≡ Menu

For Anyone Interested in the Publishing Process: Getting Permissions


Last week I wrote a quick post about how the manuscript for the book got accepted, which meant that I could finally stop writing.

For those of you interested in the publishing process, the next hurdle to leap over, crawl under, or skitter around is to obtain permissions for the quotes I use in the book, even if they’re two words long.

Essentially, it means that you figure out the book, magazine, or film where the quote originally appeared, and you write to their permissions department and ask for them to sign off.

It can get a little tangled.  For instance, I’m using something by George Orwell that has been reprinted a bazillion times, but it originally appeared in the English literary journal Adelphi, which went the way of the dodo in 1955.  So, who to turn to?  That’s the game.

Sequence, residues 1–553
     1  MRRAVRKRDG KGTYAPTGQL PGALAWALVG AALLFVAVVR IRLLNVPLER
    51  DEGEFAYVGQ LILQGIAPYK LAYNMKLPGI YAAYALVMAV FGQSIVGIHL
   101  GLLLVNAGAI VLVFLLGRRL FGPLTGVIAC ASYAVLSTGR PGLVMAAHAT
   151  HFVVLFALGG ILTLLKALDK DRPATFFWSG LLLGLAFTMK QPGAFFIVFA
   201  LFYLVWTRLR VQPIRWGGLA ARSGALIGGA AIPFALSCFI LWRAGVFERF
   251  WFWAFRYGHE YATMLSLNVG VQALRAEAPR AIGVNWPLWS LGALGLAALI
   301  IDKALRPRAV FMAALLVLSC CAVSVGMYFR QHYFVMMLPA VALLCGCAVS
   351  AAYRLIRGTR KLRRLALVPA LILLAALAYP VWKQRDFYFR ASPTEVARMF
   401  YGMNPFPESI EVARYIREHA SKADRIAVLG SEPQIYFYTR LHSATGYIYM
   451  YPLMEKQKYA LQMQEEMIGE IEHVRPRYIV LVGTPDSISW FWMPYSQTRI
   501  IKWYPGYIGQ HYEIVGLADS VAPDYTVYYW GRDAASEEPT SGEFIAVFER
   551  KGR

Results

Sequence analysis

I’m currently chasing down permissions for pieces by Mark Twain, Neil Gaiman, Kurt Vonnegut, Beverly Cleary, Tom Clancy, some authors who did lots of writing about gallant horses, Warren Buffett, some stuff buried in the letters of Edmund Wilson to Nathanael West, and so on.  It’s a very weird chain of reading.

This wouldn’t be that daunting of a task, unless of course, you wrote the book that I wrote, and you started making a list of the all the books that you discuss or casually mention, and that list ends up being about 140 line items.

Some of it will fall under fair use, so it’s not as bad as it sounds, and plenty of them are in the public domain. But for much of it, it’s one of those things that depends on other people’s schedules, and that’s the kind of stuff that makes me antsy, because I can’t make things move more quickly.


Comments on this entry are closed.

  • cinderkeys September 20, 2012, 11:44 pm

    What’s the line for fair use? As far as I know, this isn’t laid out anywhere; does your publisher have its own policies?

  • Ara Bedrossian September 27, 2012, 6:20 am

    Interesting information. No wonder I hear that a book is a lot of effort and your expectations as an author need to be managed.